Sunday, July 29, 2018

Jacques Saint Germain - Part 2

Scouring through New Orleans newspapers using resulted in finding nothing regarding Jacques Saint Germain.  I found nothing about a woman leaping from second floor balcony on Royal Street.  I also could not find a published police report about the women killed in 1933.

I did find an advert for the storefront at 1039 Royal Street; the residence is at 1041 Royal Street. The advert (click to enlarge it) comes from:
The Times-Democrat (New Orleans, Louisiana) · 12 May 1901, Sun · Page 18

Obviously, you could buy Queen Freezers from A.J. Bessec in May 1901.  This seems like pointless information.


I took a break from scouring newspapers to scroll through google searches.  There are a few minor differences in stories - some say that he showed up in 1902, others say 1904, etc.  Nearly everyone says that there are still sightings and attacks carried out by Jacques Saint Germain aka "Vampire Jack".  It's supposed to be one thing that inspired Chelsea Quinn Yarbro's Count St. Germain novels.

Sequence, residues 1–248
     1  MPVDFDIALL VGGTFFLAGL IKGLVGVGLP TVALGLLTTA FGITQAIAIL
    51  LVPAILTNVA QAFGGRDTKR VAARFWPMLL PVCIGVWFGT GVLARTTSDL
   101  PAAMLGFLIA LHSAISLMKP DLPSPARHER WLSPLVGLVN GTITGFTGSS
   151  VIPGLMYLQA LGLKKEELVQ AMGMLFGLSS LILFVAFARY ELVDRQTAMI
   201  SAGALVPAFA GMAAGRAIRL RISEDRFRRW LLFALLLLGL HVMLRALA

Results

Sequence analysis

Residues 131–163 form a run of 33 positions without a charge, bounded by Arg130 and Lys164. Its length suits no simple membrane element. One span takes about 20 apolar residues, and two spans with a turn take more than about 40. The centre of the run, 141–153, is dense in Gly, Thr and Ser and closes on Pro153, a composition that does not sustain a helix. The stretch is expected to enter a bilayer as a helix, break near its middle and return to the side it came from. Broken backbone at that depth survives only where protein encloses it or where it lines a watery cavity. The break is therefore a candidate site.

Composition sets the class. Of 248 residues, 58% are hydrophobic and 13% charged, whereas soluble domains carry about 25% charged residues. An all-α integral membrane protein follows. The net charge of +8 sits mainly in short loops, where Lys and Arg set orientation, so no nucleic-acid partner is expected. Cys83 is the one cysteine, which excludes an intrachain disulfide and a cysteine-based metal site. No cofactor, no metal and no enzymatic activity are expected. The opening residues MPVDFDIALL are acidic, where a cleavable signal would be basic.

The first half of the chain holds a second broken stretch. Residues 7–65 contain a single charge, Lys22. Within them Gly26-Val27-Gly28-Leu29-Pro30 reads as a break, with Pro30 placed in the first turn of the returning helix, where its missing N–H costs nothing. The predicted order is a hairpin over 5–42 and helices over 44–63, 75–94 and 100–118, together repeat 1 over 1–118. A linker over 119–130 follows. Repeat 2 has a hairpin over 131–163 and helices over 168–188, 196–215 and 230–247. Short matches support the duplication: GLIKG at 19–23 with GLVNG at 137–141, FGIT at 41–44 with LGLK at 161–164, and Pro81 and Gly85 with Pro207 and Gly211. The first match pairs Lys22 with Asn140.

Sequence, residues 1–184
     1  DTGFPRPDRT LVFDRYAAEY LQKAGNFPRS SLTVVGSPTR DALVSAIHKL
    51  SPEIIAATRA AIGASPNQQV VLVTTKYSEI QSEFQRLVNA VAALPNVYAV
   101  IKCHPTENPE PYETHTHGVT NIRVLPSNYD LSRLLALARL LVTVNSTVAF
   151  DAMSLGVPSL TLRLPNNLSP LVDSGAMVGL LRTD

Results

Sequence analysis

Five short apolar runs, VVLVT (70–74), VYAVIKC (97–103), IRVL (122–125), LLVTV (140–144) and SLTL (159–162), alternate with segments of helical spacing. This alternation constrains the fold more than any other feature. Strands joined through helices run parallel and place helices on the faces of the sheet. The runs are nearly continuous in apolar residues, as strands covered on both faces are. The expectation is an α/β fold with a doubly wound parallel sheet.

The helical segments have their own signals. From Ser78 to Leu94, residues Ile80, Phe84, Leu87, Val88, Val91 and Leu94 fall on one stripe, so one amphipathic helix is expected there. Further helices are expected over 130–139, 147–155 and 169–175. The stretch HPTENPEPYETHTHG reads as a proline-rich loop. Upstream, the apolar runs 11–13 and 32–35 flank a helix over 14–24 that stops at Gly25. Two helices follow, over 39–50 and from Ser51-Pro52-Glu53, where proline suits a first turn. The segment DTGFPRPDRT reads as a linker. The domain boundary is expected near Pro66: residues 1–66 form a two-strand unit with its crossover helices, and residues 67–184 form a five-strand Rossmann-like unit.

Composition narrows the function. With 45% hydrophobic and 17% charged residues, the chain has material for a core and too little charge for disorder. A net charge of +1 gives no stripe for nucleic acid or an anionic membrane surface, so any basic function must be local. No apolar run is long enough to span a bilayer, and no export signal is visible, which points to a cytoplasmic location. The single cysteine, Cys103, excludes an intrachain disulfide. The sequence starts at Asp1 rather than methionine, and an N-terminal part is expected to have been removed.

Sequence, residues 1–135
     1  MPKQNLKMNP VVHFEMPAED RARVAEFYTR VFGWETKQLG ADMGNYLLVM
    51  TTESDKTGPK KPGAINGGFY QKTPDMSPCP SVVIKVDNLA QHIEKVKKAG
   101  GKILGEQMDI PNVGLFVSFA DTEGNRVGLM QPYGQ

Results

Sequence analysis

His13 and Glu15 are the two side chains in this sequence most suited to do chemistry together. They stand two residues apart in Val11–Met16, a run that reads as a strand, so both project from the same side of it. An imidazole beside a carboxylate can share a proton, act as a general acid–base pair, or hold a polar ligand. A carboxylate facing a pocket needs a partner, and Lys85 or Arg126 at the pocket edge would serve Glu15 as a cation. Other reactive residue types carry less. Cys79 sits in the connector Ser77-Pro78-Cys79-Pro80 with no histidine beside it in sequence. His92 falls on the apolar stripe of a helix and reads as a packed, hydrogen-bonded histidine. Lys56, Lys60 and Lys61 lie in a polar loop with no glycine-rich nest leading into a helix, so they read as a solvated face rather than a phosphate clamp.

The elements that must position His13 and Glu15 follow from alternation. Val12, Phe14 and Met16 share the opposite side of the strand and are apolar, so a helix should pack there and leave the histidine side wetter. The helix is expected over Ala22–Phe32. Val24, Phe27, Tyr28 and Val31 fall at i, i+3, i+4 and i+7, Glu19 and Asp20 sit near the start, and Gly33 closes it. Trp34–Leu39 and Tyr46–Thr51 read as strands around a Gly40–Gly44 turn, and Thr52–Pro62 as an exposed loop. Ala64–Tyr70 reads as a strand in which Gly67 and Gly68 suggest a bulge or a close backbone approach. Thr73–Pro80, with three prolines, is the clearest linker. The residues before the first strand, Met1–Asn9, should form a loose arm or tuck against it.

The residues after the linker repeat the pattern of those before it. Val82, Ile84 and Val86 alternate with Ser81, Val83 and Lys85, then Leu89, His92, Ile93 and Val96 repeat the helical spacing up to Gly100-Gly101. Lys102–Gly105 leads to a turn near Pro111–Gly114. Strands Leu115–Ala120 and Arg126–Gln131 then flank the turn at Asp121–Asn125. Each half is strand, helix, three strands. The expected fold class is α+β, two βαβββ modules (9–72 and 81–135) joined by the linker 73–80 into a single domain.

Side Note: If you haven't read any of the novels, you should start with the first one Hotel Transylvania.  I liked it.


One thing I have an issue with is the lack of details in the stories about Jacques Saint Germain.  We don't have any names of any people that he mingled with and we don't have any specific dates.  We just have this regurgitated legend.

With the previous blog post (HERE) you'll notice that I found some books written by Jacques Saint Germain.  I was actually hoping to find a book just on the legend of "Vampire Jack", but these other books came up instead.  The oldest one I could find is from December 31, 1938.  The topics of the books are all on topics that the Count would of had knowledge of or interest in, such as: 18th century France, industrialization in France, and entertaining.  I cannot find any records or photos of Jacques Saint Germain (the author) via or google or  Autographed copies of books were ordered for the purpose of comparing the handwriting with the Count's.  You can find a list of Jacques Saint Germain's books on the Timeline.


Books about Vampire Jack: